Adam Nevill Interview
Posted by Michelle on September 5, 2008
In the search for a horror book that doesn’t rely in gore and sex, I discovered Adam Nevill’s Banquet For The Damned.
Neil tells us a little more..
Q. Can you start by telling us a little about your current book, Banquet For The Damned?
A. It’s a horror novel, but of a particular caste. One steeped in the occult and the supernatural, in European witchcraft. It’s about something coming back into a modern university town from a grim time in Scottish history – at first through dreams or night terrors and then as a real and growing physical manifestation of ancient evil, felt incrementally throughout the entire town. Something that could not exist, something too preposterous to even suggest in the modern world, and yet …
It is a novel written from my desire to contribute to the great tradition of the supernatural in literature that I have always enjoyed with a passion as a reader. It draws upon the craft of using suggestion and implication to introduce the supernatural to the natural order of things, by offering glimpses and hints as opposed to full and bloody revelations, and by trying to achieve a sense of awe and wonder through the supernatural. But I didn’t want the novel to be a pastiche, but a thoroughly modern novel in idiom. So while I observed the craft of the masters in terms of how I described the unworldly aspects, and created suspense and mystery, I also used the structure of the modern popular horror novel defined by Stephen King and Peter Straub etc in the seventies and early eighties. I hoped to achieve the best of both worlds, to reemploy the subtlety and craft of the past when dealing with supernatural horror, while writing in a thoroughly contemporary and accessible language and narrative.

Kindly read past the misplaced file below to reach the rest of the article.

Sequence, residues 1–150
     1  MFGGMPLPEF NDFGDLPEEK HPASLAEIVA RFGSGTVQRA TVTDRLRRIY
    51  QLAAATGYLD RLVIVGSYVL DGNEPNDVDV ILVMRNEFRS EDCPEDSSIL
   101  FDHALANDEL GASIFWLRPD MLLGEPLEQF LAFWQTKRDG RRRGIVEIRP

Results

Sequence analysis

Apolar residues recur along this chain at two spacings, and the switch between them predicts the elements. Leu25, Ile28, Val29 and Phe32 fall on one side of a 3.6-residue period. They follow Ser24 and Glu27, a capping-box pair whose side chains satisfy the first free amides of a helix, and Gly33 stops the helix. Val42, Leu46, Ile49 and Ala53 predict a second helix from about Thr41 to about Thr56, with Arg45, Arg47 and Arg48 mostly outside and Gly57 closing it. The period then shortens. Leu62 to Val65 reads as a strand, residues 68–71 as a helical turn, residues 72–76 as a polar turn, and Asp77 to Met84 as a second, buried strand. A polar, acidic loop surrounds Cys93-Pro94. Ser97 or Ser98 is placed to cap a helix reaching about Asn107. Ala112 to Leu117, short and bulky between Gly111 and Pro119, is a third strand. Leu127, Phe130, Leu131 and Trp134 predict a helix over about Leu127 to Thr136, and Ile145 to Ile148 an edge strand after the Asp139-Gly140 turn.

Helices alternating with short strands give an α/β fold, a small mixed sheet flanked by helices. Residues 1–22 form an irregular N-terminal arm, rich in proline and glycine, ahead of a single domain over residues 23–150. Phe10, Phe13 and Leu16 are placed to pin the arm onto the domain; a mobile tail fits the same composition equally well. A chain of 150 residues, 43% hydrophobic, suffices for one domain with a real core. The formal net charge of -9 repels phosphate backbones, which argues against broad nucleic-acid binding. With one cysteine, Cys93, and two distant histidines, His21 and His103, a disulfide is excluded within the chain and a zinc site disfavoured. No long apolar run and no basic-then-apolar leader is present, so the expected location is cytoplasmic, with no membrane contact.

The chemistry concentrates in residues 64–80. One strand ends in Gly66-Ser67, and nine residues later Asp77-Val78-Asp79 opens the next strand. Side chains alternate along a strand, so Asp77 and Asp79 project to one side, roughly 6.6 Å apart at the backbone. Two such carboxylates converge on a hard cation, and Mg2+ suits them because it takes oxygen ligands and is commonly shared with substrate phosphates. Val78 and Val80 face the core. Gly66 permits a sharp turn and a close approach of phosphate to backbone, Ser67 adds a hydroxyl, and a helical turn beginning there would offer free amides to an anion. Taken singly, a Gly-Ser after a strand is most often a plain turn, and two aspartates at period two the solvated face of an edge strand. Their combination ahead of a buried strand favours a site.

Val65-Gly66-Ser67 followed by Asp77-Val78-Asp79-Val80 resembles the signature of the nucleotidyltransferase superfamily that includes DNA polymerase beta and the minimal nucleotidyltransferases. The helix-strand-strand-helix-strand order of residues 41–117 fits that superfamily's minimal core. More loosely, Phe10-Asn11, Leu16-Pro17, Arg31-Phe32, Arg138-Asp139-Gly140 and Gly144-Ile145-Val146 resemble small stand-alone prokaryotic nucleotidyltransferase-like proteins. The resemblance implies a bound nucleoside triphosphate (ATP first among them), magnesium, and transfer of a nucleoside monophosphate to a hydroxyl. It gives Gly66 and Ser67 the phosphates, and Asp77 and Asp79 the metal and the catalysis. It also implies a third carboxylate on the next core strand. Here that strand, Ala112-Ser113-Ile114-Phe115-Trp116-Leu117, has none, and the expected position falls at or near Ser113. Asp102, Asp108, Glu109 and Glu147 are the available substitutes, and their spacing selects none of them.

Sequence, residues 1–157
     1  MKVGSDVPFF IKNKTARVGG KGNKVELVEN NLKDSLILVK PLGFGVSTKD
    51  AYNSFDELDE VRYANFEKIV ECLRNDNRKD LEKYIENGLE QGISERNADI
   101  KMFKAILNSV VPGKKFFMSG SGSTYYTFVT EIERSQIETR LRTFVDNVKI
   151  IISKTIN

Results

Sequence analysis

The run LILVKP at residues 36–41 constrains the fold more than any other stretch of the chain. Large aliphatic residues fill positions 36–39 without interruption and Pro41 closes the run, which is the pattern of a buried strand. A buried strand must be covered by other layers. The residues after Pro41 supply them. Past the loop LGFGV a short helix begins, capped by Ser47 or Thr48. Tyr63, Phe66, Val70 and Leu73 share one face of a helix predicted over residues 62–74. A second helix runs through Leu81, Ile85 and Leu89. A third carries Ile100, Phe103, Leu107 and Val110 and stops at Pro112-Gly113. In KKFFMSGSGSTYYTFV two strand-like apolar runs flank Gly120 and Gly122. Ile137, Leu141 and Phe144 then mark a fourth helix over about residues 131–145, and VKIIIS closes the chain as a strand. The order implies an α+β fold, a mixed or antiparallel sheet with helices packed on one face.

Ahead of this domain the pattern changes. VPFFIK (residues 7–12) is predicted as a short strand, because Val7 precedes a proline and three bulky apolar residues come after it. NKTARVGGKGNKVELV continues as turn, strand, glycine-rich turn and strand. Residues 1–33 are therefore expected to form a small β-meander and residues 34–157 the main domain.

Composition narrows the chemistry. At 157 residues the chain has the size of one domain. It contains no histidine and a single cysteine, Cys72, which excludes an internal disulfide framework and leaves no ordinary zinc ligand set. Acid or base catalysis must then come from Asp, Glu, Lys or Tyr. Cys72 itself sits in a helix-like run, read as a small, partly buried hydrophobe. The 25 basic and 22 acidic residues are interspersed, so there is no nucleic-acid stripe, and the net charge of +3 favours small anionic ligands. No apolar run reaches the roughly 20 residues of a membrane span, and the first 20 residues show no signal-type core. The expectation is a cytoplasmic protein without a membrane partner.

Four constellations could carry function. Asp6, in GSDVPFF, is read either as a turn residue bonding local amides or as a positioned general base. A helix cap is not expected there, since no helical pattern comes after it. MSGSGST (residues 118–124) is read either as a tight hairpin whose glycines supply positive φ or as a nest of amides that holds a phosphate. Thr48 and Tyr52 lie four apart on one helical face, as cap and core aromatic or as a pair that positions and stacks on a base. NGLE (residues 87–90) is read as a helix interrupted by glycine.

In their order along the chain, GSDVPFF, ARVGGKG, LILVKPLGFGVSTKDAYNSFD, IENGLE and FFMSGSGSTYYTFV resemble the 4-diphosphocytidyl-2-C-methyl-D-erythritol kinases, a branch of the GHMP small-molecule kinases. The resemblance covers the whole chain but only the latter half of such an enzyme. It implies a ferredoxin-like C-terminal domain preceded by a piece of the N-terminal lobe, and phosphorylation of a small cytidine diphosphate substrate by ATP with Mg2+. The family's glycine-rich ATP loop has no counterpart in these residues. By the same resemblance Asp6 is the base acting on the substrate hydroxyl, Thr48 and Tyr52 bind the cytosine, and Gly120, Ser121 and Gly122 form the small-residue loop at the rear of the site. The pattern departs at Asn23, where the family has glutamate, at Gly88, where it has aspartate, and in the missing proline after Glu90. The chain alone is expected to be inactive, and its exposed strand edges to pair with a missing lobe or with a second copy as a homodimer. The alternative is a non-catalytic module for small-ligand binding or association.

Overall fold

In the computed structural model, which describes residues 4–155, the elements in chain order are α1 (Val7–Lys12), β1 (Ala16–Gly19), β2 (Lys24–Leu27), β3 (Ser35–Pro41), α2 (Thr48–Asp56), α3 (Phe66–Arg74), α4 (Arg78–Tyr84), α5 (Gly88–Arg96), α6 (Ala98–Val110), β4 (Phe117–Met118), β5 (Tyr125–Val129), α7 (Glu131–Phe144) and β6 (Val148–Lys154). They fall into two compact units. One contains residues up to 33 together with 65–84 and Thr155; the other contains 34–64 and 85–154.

Q. Where did the idea / inspiration come from?
A. The British Isles has a wonderful, rich and diverse history of the weird tale. And my main influences are drawn from what I would call the great age of the supernatural in fiction, from the late Victorian to the Edwardian period. It is the fiction that made me want to write in the first place, that began the compulsion to write a horror novel. And it’s a very British field – Sheridan La Fanu and Bram Stoker from Ireland, Arthur Machen from Wales, R L Stevenson in Scotland and M R James, Algernon Blackwood and Walter de la Mare from England to name but a few of the precursors of the field.
So these influences informed me on how I wanted to approach a novel of the supernatural, but the concept of a young alienated man seeking a mentor – and a once notorious writer and master of ritual magic and the black arts – in an old town by the sea, I had carried around with me for a while. And, literally, as I drove into St Andrews the first time, a story started to write itself from that simple idea. The novel just took shape in my imagination immediately. I suddenly had this wonderful setting for so many set-pieces. So many things about the town just suggested the story to me.
M R James’s short stories, without a doubt, and Algernon Blackwood and Walter de la Mare were my primary stylistic influences, though their influence is usually confined to short fiction. I wanted to pull it off on an epic scale, and I’d always wanted to have a go at a long, multi-plot novel with an entire history of its own, a rich background and fully developed community and sense of place and atmosphere, like Peter Straub’s Ghost Story, and King’s Salem’s Lot – the kind of novels I read a lot of in the eighties.
Q. Is the history in the book based on actual documents, or from your imagination?